FALL 2015

Boston College's Center for Teaching Excellence (CTE)

Boston College's Center for Teaching Excellence (CTE) was established at the beginning of the Fall semester in 2015. As we celebrate our one-year anniversary, we're eager to build on the work we've done this past year to provide increasing amounts of support for faculty and graduate students interested in thinking more deeply about their teaching and improving their teaching practice. In this effort we continue to broaden the work that individuals in Instructional Design and eTeaching Services (IDeS) have done since the early 2000s to support faculty in their use of online, digital, and other technologies in teaching. Former IDeS staff, now part of the CTE, are central in this effort.

Student writing on a white board in a classroom at the CTE

One important element in our programming last year was Excellence in Teaching Day. Over 300 members of the BC community engaged in conversations inspired -- some would say provoked -- by the plenary addresses of Mike Wesch from Kansas State University and Silvia Bunge from the University of California, Berkeley. (You can see these plenary addresses on our web site.)

While I will describe (and even encourage you to participate in) a variety of programs in this piece, I want first to encourage you to email or call the CTE if there's something else you'd like us to offer to the BC community.

One very important part of our programming this year brings together several cohorts of faculty who agree to meet with each other regularly over the course of the year as each of them works individually on a particular project. One such project enrolls 14 faculty who are developing new uses of MediaKron, an online tool developed here at Boston College. Another cohort brings together faculty engaged in the exercise of flipping part or all of courses they will teach next spring. (Many readers know that "flipping the classroom" describes a move in which faculty use some sort of technology to deliver course content before the class and spend class time having students engage with the material, reversing the traditional practice of lecturing during class time and having students work with the material outside of class.) Yet another group of faculty is exploring new uses of Personal Response Systems in the classroom. Though these cohorts have already begun their work and are now closed to new members, we welcome ideas for new faculty cohorts. We are already discussing with the Division of Mission and Ministry and with interested faculty the possibility of a cohort to explore approaches to contemplative pedagogy in the classroom.

We will also be offering other opportunities for faculty to engage each other in discussions of important issues in teaching. We're in the early stages of planning a series of discussions about teaching in the face of diversity and another about effective pedagogical practices in STEM disciplines. And we continue to offer a variety of workshops on Canvas and other technologies BC employs in support of teaching and learning.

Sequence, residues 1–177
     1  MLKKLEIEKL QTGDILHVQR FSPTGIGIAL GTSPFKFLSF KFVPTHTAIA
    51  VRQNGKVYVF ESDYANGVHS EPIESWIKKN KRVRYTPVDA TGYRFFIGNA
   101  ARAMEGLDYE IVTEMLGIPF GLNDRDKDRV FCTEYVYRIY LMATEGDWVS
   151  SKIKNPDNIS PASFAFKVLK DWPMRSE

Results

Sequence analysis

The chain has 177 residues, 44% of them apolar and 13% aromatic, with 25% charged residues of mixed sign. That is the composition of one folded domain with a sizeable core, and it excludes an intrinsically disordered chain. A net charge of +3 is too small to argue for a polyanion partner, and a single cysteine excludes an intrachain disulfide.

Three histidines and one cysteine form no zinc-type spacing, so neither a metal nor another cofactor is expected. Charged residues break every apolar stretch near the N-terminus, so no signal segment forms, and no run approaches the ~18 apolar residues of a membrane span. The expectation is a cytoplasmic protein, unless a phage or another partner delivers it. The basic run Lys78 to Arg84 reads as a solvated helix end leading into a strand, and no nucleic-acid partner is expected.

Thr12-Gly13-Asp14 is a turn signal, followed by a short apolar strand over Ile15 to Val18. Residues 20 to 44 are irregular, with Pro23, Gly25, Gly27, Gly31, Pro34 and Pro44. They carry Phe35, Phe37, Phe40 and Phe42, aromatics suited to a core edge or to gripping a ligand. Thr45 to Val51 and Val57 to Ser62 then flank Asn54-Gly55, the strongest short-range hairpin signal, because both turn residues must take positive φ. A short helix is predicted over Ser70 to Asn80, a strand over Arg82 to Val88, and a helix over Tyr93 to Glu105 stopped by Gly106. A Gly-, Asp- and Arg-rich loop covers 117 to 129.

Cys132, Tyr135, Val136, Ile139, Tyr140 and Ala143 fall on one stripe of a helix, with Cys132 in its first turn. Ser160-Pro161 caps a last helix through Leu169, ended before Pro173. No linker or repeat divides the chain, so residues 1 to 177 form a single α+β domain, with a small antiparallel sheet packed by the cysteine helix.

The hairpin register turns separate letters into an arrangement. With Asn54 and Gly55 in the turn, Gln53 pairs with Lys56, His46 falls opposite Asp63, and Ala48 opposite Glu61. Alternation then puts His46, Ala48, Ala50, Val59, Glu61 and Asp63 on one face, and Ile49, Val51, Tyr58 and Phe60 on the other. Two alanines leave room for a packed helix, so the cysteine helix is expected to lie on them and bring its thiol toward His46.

Alongside these workshops and other programs for groups of faculty, we continue to offer individual consultations on teaching and course development and on the use of online and other digital technologies in teaching. If you have a particular pedagogical question or strategy you'd like to explore, please feel free to call or email us to set up a consultation.

Center for Teaching Excellence entrance

Of course, we are not working in a vacuum here at BC. There are many -- including both individual faculty and faculty groups (such as the University Council on Teaching, the Academic Technology Advisory Board, the Faculty Technology Contacts and the Faculty Micro Resource Center) and other university groups (such as the University Libraries and the Division of Mission and Ministry) -- who have a vital interest in teaching and learning and who have developed and sustained a variety of teaching-related programs over the years. We are eager to develop even deeper relationships with these and other groups and individuals who want to work with us to support excellent teaching at Boston College. So, as we move into our second year of existence as the Center for Teaching Excellence, we invite you to explore our current programs and -- most importantly -- let us know what we can do to further enrich your teaching practice. You can find us on the web (/cte), email us (centerforteaching@bc.edu) or call us (617-552-3826). We look forward to hearing from you.

John Rakestraw
Executive Director
Center for Teaching Excellence